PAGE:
observes, “actually complicitous.” Her harrowing Rhythm 0 (1974) was a
groundbreaking example. Abramovi? stood passive for six hours as audience
members in Naples, Italy, took turns doing whatever they wanted to her. She had
laid out 72 objects, including a gun and a bullet, on a table for their use.
She still bears a scar on her chest from a knife’s blade—and she shows it off
like a battle wound. One man sucked her blood; one pointed the gun at her,
though another took it away. “This is the thing,” she says, “you see how the
public doesn’t have limits.” Abramovi? wanted to re-create the work at the
Guggenheim Museum in 2005 as part of her “Seven Easy Pieces” show, which
reimagined some of her peers’ classic works, but the museum refused out of fear
for her safety. “Everybody’s afraid of the people here,” she says. Her
willingness to put her life in jeopardy could logically raise questions about
her sanity…. In the performance Rhythm 0 (1974) she invited the public to threaten her body,
this performance artwork was very shocking, but in fact also very interesting
to investigate. When you look past the nastiness, you can see that this artwork
had the power to transform the audience. Where spectators usually only look at
an artwork, the audience became part of the artwork itself. On top of that, the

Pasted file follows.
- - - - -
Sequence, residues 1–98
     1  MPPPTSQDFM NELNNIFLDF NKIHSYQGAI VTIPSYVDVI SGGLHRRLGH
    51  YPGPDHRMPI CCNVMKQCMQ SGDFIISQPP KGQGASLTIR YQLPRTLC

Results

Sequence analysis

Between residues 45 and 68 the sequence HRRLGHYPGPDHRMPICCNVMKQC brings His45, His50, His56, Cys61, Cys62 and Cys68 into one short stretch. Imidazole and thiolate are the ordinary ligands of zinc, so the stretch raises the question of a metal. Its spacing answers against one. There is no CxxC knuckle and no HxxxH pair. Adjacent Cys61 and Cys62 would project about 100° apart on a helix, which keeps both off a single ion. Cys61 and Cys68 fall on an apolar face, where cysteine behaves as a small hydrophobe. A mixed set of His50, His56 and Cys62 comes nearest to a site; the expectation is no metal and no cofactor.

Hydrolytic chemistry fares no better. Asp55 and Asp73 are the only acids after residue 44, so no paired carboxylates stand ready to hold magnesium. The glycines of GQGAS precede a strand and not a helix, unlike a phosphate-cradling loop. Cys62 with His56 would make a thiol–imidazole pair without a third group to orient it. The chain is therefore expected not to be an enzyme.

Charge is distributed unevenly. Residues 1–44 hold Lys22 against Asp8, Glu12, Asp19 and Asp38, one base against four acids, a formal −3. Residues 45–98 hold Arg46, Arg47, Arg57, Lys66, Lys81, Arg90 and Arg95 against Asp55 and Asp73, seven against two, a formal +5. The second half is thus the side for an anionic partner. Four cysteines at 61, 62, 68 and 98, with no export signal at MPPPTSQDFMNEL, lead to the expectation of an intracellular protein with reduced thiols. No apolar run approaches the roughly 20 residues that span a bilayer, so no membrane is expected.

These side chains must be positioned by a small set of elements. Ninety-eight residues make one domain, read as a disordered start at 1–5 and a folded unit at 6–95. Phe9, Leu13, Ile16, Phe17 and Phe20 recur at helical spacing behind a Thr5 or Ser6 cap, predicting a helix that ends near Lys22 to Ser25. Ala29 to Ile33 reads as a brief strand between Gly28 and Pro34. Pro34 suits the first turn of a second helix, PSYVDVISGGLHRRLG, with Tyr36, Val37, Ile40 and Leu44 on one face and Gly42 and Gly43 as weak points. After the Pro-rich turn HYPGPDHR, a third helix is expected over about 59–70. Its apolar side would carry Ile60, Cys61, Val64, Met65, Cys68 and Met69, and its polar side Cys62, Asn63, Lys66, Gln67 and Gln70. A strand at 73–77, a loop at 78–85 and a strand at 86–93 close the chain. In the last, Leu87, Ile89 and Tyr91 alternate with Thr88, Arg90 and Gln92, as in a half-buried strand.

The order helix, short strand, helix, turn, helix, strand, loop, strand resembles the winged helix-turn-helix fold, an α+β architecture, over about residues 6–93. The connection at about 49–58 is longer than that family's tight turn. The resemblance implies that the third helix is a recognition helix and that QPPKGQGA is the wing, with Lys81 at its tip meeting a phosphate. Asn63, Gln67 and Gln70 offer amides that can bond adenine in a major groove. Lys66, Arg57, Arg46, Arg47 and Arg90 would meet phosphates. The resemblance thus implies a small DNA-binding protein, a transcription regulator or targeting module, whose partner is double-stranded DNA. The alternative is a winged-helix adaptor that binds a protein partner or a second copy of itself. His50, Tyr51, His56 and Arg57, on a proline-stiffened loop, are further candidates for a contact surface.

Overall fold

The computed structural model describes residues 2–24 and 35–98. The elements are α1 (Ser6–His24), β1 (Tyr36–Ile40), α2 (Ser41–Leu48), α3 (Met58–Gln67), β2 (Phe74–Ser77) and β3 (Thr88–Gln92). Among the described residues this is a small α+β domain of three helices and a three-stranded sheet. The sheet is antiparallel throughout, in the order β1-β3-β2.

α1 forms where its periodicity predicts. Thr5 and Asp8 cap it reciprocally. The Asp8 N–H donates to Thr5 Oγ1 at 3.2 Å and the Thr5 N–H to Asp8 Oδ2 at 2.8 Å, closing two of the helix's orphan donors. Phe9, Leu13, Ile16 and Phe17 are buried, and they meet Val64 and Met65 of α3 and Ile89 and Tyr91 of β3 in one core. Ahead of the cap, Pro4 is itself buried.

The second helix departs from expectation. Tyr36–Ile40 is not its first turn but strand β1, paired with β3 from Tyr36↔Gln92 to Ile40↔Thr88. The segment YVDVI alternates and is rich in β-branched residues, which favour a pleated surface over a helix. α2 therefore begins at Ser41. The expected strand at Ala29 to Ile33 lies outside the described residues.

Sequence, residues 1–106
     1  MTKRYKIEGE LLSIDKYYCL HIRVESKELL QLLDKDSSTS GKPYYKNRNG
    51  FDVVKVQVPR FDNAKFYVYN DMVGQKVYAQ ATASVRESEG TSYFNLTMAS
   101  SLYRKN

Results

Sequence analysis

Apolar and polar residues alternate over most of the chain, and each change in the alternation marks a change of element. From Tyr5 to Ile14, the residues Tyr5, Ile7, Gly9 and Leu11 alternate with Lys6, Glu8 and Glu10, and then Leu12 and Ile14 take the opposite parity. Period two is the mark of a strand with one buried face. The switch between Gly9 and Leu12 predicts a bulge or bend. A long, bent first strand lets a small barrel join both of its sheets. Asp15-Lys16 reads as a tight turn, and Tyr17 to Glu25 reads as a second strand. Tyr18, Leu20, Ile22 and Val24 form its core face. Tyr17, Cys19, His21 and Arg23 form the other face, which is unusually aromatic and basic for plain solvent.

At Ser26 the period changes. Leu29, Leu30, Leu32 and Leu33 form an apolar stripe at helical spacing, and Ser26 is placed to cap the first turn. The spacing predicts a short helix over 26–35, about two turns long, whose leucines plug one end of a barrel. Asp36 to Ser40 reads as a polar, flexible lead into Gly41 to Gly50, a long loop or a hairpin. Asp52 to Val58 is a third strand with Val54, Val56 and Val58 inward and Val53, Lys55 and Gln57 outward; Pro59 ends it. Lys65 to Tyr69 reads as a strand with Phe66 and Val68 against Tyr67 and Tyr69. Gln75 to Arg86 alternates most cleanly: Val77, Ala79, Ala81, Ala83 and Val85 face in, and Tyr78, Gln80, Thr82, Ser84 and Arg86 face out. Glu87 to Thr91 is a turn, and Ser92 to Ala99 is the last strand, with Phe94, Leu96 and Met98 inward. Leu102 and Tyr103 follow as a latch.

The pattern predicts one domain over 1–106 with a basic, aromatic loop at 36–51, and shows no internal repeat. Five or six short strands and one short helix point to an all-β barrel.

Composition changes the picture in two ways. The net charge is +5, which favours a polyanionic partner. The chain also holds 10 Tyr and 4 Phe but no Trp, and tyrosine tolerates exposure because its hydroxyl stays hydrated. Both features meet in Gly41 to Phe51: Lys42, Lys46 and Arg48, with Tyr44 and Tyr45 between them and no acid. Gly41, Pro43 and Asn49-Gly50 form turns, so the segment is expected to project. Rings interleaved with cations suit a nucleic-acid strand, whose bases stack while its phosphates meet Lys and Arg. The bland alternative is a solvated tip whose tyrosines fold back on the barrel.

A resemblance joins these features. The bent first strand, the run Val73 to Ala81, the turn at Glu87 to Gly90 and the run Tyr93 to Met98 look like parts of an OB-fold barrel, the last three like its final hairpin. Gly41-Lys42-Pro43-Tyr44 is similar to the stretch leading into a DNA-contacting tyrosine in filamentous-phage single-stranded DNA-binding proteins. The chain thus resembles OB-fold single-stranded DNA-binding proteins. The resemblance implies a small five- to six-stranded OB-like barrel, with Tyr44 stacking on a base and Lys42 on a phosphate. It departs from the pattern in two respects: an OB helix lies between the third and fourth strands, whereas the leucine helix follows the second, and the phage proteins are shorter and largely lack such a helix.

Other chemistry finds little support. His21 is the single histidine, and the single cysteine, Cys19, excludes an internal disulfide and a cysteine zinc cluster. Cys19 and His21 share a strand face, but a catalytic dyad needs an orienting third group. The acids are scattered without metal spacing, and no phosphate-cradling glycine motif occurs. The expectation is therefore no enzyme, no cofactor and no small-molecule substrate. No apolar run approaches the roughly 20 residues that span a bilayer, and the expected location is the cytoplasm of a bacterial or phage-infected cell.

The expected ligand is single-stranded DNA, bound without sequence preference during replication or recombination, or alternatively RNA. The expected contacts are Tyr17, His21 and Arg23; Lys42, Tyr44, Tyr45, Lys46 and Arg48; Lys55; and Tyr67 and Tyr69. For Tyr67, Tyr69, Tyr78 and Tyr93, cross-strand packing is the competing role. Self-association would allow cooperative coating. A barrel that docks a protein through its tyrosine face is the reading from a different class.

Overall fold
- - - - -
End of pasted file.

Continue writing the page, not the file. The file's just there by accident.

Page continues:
individuals were facing an ethical struggle: whether to harm or to help Marina.
Some people completely lost their minds and one person almost shot the artist.
This artwork is definitely an interesting experiment to the human mind.

performance lasted for six hours once It had all ended Abramovi? stood up with
tears in her eyes, blood dripping from various part of her body and then walked
towards the audience, the audience scattered nobody wanted to confront the
actions they had laid apon her, animated version of the passive figure they had
been abusing. When researching I really wanted to know how she wanted to audience
to feel or even if she wanted them to feel anything in some way. But from
watching interviews and reading articles there’s nothing I could find of real
feelings toward what she wanted them to feel expect that the audience is like
dogs which they are afraid almost straight away. Which I think was the idea over
all. “I test the limits of myself in order to
transform myself,” she says, “but I also take the energy from the
audience and transform it. It goes back to them in a different way. This is why